[1] For a full treatment of Wright’s life see, Greg Brooking, “‘My zeal for the real happiness of both Great Britain and the colonies’: The Conflicting Imperial Career of Sir James Wright,” PhD diss., Georgia State University, 2013.

[2] James Wright to the Board of Trade, 8 June 1768, in The National Archives, Kew, England, Colonial Office Papers 5/650 (hereafter, TNA, CO).

[3] Robert Mitchell, “The Losses and Compensation of Georgia Loyalists,” The Georgia Historical Society 68.2 (Summer 1984), 239-240. Mitchell has determined that Wright’s claim amounted to 11% of all Georgia claims and his reward accounted for 15% of the total awards dispersed to Georgians.

[4] James Wright Loyalist Claim. TNA, CO 5/657.

[5] James Habersham to William Knox, March 9, 1764, in James Habersham Papers, MS 337, Georgia Historical Society, Savannah.

[6] Eugene Genovese, The Political Economy of Slavery: Studies in the Economy and Society of the Slave South (New York: Pantheon Books, 1965), 28.  See also, Bertram Wyatt-Brown, Honor and Violence in the Old South (New York: Oxford University Press, 1986).  Not everyone, however, agreed that paternalism existed during this period.  See James Oakes, The Ruling Race: A History of American Slaveholders (New York: Norton, 1998).

[7] Eugene Genovese, Roll, Jordan Roll: The World the Slaves Made (New York: Pantheon Books, 1974), 602.

[8] Morning Chronicle and London Advertiser, November 24, 1785.

[9] Sandy Boling, of the Georgia Genealogical Society, provided the transcription of Sir James Wright’s will.

[10] James Wright, Final Will and Testament, April 22, 1786, in TNA, Prerogative Court of Canterbury and Related Probate Jurisdictions: Will Registers, PROB 11/1141/229.

[11] Clive Emsley, Tim Hitchcock and Robert Shoemaker, “London History—Currency, Coinage and the Cost of Living”, Old Bailey Proceedings Online (, version 7.0, 21 January 2014).

13 responses

  1. Is it really fair to accuse Sir Wright of this based on nothing but a line of a will and speculation? Wasn’t it fairly common in a will to make special provision for valued servants/slaves?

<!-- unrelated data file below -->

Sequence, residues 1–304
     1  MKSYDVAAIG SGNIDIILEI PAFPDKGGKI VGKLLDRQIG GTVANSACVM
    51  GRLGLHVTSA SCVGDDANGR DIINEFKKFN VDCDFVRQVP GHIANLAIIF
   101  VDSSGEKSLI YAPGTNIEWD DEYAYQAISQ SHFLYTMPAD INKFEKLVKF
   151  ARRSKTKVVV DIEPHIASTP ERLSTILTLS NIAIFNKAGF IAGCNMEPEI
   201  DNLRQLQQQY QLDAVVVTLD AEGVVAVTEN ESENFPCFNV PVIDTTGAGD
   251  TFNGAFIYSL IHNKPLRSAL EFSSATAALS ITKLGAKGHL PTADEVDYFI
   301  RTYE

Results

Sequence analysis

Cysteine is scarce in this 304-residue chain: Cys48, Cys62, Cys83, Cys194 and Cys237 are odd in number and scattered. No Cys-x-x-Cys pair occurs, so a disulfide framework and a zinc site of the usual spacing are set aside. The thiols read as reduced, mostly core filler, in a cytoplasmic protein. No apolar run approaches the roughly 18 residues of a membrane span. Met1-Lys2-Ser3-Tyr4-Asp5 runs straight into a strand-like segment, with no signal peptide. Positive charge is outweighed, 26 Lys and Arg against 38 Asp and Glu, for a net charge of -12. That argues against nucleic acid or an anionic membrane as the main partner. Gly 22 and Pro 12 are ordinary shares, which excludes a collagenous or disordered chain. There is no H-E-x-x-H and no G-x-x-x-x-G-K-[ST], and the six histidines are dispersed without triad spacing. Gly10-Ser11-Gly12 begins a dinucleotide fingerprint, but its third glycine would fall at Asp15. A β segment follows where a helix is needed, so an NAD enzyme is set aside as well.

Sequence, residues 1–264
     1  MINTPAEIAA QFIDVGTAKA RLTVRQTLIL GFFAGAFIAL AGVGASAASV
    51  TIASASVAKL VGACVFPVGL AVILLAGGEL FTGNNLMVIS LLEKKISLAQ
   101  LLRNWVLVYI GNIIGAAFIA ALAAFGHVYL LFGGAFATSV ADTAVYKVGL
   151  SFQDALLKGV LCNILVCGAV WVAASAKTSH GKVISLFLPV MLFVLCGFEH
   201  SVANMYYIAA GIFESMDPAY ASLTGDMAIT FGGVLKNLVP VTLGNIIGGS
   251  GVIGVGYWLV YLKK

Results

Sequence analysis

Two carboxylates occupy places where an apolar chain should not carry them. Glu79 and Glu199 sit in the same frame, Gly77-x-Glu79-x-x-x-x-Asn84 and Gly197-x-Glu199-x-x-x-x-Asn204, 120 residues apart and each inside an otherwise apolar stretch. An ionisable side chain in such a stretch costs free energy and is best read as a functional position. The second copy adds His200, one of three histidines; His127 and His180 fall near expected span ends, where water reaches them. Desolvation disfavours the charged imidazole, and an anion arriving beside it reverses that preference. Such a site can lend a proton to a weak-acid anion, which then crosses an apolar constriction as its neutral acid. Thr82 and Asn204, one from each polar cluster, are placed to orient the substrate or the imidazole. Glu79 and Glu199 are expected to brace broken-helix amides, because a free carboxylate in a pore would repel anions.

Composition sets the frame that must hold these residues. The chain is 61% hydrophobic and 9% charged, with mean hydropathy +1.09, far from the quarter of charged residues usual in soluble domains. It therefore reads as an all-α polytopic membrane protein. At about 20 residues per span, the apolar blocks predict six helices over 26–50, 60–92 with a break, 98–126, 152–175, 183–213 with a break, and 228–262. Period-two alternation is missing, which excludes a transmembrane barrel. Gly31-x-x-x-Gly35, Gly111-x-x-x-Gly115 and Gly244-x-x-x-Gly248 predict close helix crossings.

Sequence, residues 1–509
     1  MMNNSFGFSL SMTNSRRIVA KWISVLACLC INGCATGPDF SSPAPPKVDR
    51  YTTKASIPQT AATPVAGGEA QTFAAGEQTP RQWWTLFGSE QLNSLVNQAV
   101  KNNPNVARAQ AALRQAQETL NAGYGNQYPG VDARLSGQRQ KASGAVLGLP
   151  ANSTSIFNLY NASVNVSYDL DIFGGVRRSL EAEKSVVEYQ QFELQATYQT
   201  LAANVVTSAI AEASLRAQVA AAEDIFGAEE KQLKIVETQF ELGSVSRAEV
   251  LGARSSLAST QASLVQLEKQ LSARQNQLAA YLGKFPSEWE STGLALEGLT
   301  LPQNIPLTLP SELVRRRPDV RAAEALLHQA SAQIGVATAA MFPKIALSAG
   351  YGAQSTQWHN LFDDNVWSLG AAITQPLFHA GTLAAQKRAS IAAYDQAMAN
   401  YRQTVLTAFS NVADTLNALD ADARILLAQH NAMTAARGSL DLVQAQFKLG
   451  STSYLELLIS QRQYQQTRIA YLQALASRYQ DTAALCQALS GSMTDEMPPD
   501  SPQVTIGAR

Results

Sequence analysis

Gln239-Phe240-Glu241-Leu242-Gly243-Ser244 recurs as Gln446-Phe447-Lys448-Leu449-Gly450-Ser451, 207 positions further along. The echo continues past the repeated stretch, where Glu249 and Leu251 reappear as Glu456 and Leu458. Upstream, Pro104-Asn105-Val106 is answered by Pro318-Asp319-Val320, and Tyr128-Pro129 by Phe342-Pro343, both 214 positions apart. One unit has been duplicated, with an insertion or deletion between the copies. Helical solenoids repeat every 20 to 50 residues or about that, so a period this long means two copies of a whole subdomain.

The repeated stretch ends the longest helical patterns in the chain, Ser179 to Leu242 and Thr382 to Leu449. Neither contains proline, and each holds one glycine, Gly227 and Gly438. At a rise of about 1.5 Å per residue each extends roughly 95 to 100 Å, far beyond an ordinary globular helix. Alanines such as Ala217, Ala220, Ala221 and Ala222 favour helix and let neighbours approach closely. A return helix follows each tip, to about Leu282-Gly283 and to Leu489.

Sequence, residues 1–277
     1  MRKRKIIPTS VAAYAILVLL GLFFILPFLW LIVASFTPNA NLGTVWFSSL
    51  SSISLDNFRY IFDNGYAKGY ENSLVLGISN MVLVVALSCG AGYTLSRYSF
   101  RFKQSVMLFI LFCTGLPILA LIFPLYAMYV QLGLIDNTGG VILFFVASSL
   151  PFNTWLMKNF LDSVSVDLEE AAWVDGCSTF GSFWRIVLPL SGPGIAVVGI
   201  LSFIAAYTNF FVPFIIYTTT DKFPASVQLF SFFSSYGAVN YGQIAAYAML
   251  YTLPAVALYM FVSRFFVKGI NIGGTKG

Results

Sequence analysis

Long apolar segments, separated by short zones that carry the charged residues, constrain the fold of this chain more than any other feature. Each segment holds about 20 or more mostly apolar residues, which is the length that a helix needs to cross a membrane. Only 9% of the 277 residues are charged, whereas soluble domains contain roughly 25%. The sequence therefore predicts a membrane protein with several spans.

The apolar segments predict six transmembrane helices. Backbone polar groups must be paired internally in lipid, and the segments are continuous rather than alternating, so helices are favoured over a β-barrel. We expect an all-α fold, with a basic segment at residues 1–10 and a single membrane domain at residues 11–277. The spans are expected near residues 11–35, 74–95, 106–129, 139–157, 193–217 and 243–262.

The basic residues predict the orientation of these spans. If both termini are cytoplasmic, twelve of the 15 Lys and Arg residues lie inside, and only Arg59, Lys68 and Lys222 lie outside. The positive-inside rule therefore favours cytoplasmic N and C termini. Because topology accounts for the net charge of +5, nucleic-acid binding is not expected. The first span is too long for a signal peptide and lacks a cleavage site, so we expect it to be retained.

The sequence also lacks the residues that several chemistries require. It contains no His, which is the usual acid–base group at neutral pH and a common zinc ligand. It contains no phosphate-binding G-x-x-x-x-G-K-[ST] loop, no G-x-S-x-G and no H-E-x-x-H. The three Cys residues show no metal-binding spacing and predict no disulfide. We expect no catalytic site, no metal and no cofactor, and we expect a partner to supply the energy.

• I don’t think the author is “accusing” Gov. Wright of anything. He says that he doesn’t know why he did it. And, I personally read it as asking a bigger question about the making of special provisions for slaves and servants.

      • Thanks for the comment, Joshua. Michael is correct. Wright’s will is the only extant document of his mentions a slave / servant by name. I purposefully waited to read his will until the very end of researching and writing the biography and it struck me as odd (especially because there are only a few extant Wright documents of a personal nature). As a student of the revolutionary era, I couldn’t help but think of the comparison to Jefferson and that is why I posited the question.

        • Greg, thanks for replying. “Accuse” was probably to harsh a word, and I agree that questions like these can be worth asking, and perhaps a blog post is a good format to do it in.

          I have just seen too many articles and books that lay out a few facts, compare it to another exceptional situation, point out the similarities, and then conclude by saying there isn’t enough evidence to know. None of that is technically false, but by going down that line of reasoning, the reader is given the impression that certain things happened by the power of suggestion, when we really have no reason to think so.